Core samples were retrieved up to depths of 30 m using a piston core barrel lined with aluminum core liners. Cores were capped with plastic caps, sealed with electrical tape, wrapped in plastic, and sealed in heat-sealed aluminum pouches to preserve water content (Izbicki and others, 2000). Only about one sample in ten came from a layer sufficiently free of large particles and wet enough for successful extrusion and recoring, as needed for the SSC method. Five samples from three boreholes were usable. These had mostly very fine to medium sand, with some silty material and very little to no gravel. The figure below shows SSC-measured hydraulic properties for the five samples.
Steadiness of flow was not a problem in this investigation, which is described in detail by Nimmo and others (2002), because of the considerable depths of sampling. The matric pressure in such a layered medium, however, is not uniform, even with steady flow. A nonuniform matric pressure, with steady or unsteady flow, violates the assumption of unit gradient gravity-driven flow.
The possibility that matric pressure gradients might cause an intolerable deviation from pure gravity-driven flow was investigated with a a one-dimensional numerical simulator. This model solves Darcy’s law, given a downward water flux, to obtain values of matric pressure as a function of position within the unsaturated zone beneath the wash. The model was used to estimate the effect of different layers and layer boundaries on matric pressure gradients, and to evaluate the error resulting from the assumption that these gradients are negligible. At a typical location the model recognizes 42 discrete layers. The model requires information about hydraulic properties of the media -- specifically, a K(q) function -- as input. With too few point measurements to directly represent a multilayer heterogeneous system, the unsaturated hydraulic properties of the unsaturated zone to 32-m depth were approximated using scaling assumptions and estimation of scale factors from lithologic descriptions. In other words, surrogate hydraulic property data were generated to supplement the high-quality SSC measurements. This was done assuming the media in all layers are Miller similar. With this assumption, properties of unmeasured layers could be scaled from those of a base set of parameter values derived from those of the measured samples.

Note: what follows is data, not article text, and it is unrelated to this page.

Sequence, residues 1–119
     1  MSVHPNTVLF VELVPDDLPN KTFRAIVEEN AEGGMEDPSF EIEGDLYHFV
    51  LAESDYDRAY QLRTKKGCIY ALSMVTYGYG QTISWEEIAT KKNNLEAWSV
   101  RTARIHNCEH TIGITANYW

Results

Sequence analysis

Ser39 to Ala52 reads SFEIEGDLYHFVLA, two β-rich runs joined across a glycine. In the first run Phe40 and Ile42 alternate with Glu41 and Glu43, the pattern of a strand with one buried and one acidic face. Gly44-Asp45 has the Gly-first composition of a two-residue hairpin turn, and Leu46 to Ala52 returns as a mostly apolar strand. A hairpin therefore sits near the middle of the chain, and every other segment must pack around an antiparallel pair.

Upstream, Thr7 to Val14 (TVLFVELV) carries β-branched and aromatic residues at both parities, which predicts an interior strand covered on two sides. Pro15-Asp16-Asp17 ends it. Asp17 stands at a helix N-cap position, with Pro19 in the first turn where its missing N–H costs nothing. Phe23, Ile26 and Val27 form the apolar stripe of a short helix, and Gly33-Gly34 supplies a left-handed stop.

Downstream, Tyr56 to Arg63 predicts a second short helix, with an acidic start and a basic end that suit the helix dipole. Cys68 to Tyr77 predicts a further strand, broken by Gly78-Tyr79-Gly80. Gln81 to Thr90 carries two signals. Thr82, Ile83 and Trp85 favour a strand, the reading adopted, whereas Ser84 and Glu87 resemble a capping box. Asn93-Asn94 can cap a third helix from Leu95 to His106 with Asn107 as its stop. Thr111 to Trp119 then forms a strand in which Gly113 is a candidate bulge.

Two sets of simulated matric pressure profiles, with flux densities of 3 cm/yr and 0.03 cm/yr, are shown in the figure (left). Soil lithology is also shown as a function of depth. Each profile has numerous short intervals that are nearly straight and vertical; between these are intervals that show steeper gradients. A given sample measured using SSC may have come from a 4-cm segment of the profile that either does or does not include an interval with a steep gradient. Model results for the Oro Grande Wash showed a negligible probability of the matric pressure gradients leading to flux errors greater than a factor of 2. This magnitude of uncertainty was considered acceptable in the Oro Grande Wash study, though it would not be tolerable in all applications.
Given the evidence for steady flow driven by total force within a factor of 2 of earth gravity, K values from the measured curves were taken to be estimated downward flux densities. These are graphed in the figure below (right)as a function of depth for three boreholes in upper, middle, and lower reaches of the channel. The size of the symbols in the figure is proportional to the flux density.
The combination of a highly stratified profile with a linear, rather than planar, source of water at the earth’s surface brings added difficulty to the estimation of recharge. Even though the measurements are from considerable depth and likely to be in the zone of steadiness, the five estimated flux densities vary considerably. They decline with increasing depth, as would be caused by unsaturated-zone lateral flow away from the wash. Lateral flow is likely to be enhanced by the severe layer contrasts. The figure below (left) shows contour plots of relative downward flux predicted from a two-dimensional Darcian simulation similar to the one described above, and applied to a cross section perpendicular to the channel. Each contour encloses a specified fraction of the total input flux. For example, 40% of the flux will be within the area bounded above by the 0.4 contour; the narrower this region at any given depth, the more spatially concentrated the flux under the streambed at that depth.The modeled pattern of flux is as expected, with spreading beneath and away from the wash.
This Darcian approach could be applied to the Oro Grande site to give downward flux densities at individual points because of the support from numerical modeling of flow through the entire profile. The key feature that makes this approach feasible is that the quantitative final results are strongly sensitive to the few high-quality K(q) measurements but weakly sensitive to the less accurately known data. Because of the lateral spreading, however, to estimate total recharge from the stream channel will require further investigation to determine the effective width of the zone of significant downward flow at one or more depths where the downward flux density is known.
If y gradients are great enough to invalidate the assumption, as might result from substantial variations in hydraulic properties associated with textural contrasts between layers, the water fluxes will be incorrectly inferred.
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